A Bibb County judge has granted a request from Teresa Bowman Fargason’s attorneys, paving the way for evidence from her 1993 murder trial to be tested for DNA.
Fargason, 54, was paroled in January after serving a life sentence for the 1991 slaying of her 6-year-old daughter, Taylor.
The order cites state law that allows for the post-conviction testing of DNA evidence if there’s new technology that wasn’t available at the time the crime was committed.
Taylor was found dead on the side of a stretch of Bibb County road June 9, 1991. Fargason claimed the girl had disappeared on a shopping trip at Macon’s Forsyth Road Kroger.
At trial, prosecutors alleged that Fargason suffocated her daughter with a blanket in her bed because her boyfriend didn’t want to marry a woman with a child.
They contended that Fargason put the girl’s body and blanket in her car, dumped her on the side of the road and went to Kroger to establish a false kidnapping story and alibi.
Fargason’s lawyers, who include representatives from the Georgia Innocence Project, filed a motion earlier this year seeking to have Taylor’s nightgown and shoes tested for contact DNA -- a small amount of DNA that could have been left behind by her assailant.
They also sought to have hair evidence tested for DNA. Lab analysts at the time used testing that Fargason’s lawyers say no longer is considered valid.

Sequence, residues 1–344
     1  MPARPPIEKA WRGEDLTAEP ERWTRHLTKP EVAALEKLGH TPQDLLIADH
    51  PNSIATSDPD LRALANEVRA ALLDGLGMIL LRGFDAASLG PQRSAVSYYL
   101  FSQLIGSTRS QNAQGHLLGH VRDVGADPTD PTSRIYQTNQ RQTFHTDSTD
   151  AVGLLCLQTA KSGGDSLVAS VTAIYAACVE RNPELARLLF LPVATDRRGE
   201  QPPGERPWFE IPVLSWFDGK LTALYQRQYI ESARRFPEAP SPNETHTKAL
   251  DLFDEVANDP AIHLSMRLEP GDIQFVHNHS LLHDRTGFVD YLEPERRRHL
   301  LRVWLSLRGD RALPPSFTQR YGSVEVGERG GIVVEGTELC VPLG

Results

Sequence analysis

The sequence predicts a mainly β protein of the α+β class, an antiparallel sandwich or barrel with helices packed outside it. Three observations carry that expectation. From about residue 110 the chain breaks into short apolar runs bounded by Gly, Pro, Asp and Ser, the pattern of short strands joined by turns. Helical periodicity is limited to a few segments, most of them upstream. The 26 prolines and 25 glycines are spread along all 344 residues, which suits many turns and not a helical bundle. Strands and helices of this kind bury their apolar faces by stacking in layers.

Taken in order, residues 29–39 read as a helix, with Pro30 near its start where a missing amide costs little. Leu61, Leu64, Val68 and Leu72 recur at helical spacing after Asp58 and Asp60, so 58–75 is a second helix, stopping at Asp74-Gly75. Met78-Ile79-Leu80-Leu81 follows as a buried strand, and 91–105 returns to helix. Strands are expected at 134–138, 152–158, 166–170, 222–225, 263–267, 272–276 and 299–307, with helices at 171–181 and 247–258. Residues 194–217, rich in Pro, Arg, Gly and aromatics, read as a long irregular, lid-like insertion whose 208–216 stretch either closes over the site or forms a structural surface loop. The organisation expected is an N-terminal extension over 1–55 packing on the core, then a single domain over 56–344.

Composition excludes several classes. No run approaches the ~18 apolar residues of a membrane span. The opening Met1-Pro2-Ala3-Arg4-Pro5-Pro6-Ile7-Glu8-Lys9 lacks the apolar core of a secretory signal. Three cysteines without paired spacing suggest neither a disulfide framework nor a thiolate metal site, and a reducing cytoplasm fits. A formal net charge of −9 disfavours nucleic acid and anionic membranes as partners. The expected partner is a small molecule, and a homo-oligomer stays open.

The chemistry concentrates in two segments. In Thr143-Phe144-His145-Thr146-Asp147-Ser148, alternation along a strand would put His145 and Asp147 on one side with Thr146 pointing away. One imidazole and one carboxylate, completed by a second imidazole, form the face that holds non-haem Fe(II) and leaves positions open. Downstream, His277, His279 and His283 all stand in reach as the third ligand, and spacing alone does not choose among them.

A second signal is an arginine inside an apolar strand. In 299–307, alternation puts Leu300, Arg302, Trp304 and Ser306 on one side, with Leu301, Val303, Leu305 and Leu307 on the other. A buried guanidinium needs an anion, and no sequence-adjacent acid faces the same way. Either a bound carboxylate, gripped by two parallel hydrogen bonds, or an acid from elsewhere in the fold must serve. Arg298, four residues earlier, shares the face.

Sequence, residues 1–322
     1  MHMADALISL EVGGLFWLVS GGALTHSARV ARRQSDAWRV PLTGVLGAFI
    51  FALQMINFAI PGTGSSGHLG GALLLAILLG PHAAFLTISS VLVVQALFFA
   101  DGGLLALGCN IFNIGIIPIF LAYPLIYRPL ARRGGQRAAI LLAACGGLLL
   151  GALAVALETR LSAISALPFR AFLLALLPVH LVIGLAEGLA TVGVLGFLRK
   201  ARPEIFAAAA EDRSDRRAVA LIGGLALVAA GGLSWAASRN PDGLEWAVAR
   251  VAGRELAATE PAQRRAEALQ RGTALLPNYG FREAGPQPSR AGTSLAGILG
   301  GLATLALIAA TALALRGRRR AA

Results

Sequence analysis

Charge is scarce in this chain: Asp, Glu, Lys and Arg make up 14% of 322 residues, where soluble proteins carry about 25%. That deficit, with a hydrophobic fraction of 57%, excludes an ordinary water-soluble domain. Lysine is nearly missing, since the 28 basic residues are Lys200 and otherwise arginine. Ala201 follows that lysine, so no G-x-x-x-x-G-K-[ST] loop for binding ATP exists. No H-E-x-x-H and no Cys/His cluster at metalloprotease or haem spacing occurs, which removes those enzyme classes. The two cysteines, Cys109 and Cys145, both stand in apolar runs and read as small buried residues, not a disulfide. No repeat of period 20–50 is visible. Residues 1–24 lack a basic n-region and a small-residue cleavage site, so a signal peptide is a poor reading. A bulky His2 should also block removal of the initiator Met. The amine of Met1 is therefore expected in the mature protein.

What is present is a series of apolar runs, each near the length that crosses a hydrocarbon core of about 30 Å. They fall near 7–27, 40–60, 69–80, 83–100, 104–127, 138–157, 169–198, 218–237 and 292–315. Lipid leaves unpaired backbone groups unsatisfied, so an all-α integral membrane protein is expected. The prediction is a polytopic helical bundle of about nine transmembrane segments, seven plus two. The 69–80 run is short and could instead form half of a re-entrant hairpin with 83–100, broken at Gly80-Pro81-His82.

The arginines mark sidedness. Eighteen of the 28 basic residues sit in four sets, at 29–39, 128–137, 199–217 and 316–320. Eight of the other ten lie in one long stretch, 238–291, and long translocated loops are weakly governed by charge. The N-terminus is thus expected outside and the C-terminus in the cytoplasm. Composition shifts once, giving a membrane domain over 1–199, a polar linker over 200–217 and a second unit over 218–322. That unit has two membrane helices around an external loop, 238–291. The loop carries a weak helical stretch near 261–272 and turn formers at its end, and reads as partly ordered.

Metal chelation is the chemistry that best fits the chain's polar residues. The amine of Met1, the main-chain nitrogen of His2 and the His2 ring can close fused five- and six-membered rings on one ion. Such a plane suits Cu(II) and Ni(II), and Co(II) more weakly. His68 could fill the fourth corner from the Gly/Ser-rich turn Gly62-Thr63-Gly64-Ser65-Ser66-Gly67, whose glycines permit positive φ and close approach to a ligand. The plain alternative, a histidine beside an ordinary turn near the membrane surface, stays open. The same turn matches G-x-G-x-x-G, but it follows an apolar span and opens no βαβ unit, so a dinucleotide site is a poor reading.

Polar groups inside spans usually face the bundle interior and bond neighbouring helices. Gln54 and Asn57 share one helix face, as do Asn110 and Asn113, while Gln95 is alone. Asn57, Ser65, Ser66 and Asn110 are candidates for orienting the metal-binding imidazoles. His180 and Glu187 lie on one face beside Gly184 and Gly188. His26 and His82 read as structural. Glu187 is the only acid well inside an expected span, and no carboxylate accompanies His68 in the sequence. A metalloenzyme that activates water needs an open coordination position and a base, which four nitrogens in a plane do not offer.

The prosecution argued at a hearing last month that Fargason’s request should be denied, saying the evidence has been contaminated from multiple people who’ve touched the items.
DNA testing was available in 1993, and that testing wouldn’t have had a material effect on the outcome of the trial, they maintained.
In the order filed Friday, Macon Judicial Circuit Chief Judge Tripp Self reasoned that if a DNA profile can be pulled from the evidence and matched to a person included in a state database of DNA collected from convicted felons, “one could reasonably conclude that it might belong to Taylor’s killer.”
If the match exists and it had been known at the time of Fargason’s trial, “there would be a reasonable probability that the jury may have acquitted her,” Self wrote.
Fargason’s lawyers also have requested that a new trial be held in the case if a new suspect is discovered through the testing.
Self wrote that his granting the request for DNA testing “should in no way be interpreted as an indication” that he’ll grant the request for a new trial. He reserved that decision for a later date and said Fargason will have to meet an “exceptionally high bar” mandated by the law for a new trial to be granted.
To contact writer Amy Leigh Womack, call 744-4398 or find her on Twitternote>